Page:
Ellen's Patrick Bristow is still acting out for laughs

By Jeff Walsh

A year before Ellen told a crowded airport of people that she was gay on her hit TV series, Patrick Bristow was out in real life and as Ellen's friend Peter on the show. His character even exchanged wedding vows with his same-sex partner long before Ellen would merit a parental advisory for merely having a girlfriend.

Financial guru revisits his coming out book in new book

By Jeff Walsh

Andrew Tobias is one of the leading financial writers of our day. Many of his books, such as "The Only Investment Guide You'll Ever Need" and "My Vast Fortune" have been praised by critics for both their insight into investing and finance as well as their writing style, which is conversational and fun.

Jonathan Harvey does a "Beautiful Thing" for gay youth

By Jeff Walsh

Gay adolescence has never been more beautifully captured on film than in Beautiful Thing. The 1995 British film about gay teens Jamie and Ste has given a new generation of queer teens a mushy boy-boy romance with a lush soundtrack and (gasp!) a happy ending.

Oddly enough, the play may have never been written if Beautiful Thing playwright Jonathan Harvey didn't have acne as a teenager.

On NBC's "Frasier," openly gay Butler plays it straight

By Jeff Walsh

On the award-winning series Frasier, Dan Butler drips with testosterone as the very heterosexual sports jock Bob "Bulldog" Briscoe. The role pits Bulldog against the more fey, sensitive radio psychiatrist Frasier Crane.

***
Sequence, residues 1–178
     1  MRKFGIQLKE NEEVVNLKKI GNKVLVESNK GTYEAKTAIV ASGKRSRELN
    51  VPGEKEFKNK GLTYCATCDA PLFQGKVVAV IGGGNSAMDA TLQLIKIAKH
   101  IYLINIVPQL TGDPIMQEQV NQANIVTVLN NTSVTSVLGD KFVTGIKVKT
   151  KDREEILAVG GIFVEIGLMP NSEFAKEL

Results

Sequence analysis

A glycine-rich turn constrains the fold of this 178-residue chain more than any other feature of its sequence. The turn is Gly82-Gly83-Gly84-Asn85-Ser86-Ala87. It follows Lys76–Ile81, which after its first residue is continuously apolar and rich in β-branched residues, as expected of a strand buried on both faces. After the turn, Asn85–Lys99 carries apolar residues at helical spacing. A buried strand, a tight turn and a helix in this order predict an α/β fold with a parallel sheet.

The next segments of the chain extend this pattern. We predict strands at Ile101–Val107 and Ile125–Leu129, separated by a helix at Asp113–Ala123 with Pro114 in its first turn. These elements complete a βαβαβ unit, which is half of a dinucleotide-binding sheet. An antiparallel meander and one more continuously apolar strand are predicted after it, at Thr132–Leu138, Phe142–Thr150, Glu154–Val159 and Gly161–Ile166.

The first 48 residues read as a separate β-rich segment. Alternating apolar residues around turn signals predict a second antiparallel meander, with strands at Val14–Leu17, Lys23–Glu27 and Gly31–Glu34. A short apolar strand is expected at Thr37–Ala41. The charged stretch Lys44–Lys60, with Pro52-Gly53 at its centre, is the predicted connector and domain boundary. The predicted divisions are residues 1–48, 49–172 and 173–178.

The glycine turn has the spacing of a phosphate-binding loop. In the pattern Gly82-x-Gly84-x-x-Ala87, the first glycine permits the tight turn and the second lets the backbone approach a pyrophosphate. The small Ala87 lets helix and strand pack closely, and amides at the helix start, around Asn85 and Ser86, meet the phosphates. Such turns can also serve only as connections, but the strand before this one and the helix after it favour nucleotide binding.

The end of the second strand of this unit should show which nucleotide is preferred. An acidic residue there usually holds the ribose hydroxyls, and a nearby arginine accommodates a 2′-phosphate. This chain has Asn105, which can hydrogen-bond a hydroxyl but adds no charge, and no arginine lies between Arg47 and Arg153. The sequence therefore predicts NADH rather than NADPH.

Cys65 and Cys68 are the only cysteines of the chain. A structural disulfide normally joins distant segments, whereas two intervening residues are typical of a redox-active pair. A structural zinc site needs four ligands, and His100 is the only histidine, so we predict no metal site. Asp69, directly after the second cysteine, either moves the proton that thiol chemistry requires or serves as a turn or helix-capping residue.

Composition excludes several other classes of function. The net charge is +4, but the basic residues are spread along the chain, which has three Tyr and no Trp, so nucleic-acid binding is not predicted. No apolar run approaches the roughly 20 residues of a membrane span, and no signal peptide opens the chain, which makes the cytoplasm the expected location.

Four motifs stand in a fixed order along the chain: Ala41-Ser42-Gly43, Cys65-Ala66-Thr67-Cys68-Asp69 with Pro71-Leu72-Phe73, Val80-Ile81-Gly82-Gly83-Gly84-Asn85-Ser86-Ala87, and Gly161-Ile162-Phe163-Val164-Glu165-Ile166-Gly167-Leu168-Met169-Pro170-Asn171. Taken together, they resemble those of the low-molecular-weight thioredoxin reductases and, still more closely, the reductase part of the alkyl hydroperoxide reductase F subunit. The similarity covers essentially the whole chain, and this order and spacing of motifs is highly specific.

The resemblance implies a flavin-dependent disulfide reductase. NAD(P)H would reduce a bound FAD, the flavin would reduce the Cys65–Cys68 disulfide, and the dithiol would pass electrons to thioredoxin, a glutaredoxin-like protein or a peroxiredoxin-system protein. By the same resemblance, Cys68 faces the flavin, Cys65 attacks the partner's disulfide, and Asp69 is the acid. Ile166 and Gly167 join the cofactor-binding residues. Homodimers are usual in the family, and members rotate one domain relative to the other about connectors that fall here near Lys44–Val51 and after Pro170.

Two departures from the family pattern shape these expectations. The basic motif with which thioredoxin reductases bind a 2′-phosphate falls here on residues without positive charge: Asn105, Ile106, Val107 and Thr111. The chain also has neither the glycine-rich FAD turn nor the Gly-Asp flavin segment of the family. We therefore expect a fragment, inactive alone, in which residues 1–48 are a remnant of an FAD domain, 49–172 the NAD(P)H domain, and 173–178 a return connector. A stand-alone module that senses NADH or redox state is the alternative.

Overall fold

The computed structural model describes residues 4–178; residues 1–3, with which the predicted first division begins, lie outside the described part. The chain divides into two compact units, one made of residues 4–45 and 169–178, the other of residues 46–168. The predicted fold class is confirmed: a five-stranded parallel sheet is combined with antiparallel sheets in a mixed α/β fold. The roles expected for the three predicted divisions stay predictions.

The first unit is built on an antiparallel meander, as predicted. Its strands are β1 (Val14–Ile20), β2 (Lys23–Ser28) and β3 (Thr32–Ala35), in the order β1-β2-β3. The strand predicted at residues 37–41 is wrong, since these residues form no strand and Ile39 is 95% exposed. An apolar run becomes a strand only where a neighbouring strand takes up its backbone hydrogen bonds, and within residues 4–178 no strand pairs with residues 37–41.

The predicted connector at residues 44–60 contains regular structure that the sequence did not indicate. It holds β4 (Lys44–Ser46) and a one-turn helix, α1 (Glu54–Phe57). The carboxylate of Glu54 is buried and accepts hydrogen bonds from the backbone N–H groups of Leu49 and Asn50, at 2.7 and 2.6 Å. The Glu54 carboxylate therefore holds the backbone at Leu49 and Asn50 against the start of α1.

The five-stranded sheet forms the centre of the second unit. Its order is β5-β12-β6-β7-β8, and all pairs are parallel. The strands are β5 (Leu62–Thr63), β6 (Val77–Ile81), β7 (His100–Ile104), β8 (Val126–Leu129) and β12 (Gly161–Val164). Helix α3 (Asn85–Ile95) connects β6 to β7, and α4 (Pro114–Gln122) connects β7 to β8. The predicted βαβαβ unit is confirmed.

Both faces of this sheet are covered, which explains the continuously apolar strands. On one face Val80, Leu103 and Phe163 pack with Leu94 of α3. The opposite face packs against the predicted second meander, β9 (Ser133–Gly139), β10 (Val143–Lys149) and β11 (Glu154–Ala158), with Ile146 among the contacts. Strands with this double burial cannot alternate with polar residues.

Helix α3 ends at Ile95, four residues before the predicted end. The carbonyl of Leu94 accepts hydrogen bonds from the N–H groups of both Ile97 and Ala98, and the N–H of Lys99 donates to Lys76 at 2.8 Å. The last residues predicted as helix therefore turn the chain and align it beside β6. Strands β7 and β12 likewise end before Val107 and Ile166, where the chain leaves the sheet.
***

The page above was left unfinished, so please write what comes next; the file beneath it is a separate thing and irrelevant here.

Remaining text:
The NBC series won the hotly contested 9 p.m. Thursday seat left warm due to Seinfeld's departure last season.

Steve Schalchlin writes and sings in the key of life

By Jeff Walsh

Steve Schalchlin radiates an honesty when you see him perform. When he tours, he tells the stories of his life, and what led him to write the songs he composed for "The Last Session," a musical about an HIV-positive singer who reunites with his bandmates to record one last album.

Rufus Wainwright is out, with an impressive debut

By Jeff Walsh

On his debut, self-titled album, Rufus Wainwright's piano-laden songs of love and loss are brilliantly executed. When I first heard it, it didn't fit into any typical genre. It had a timeless quality to it, as any good music should. The words and music were on their own poetic and beautiful, and only improved when intertwined.

I had become aware of Wainwright in a backward fashion. I first read a few mini-interviews with him in the national gay press when his album was released. So, I did know his sexuality going into my first listen of the album. But, I didn't listen for the "gay parts", as I am sometimes wont to do. Yes, he talks about boys when pronouns are specified, but it is very much in the background, with the phrasings and melodies being far more interesting to me. I honestly still can't tell you where he mentions boys, as I've never bothered to dissect the songs. In concert, he recently mentioned one of the songs was about River Phoenix, but without him mentioning it I'm not sure I would ever have gleaned the inspiration.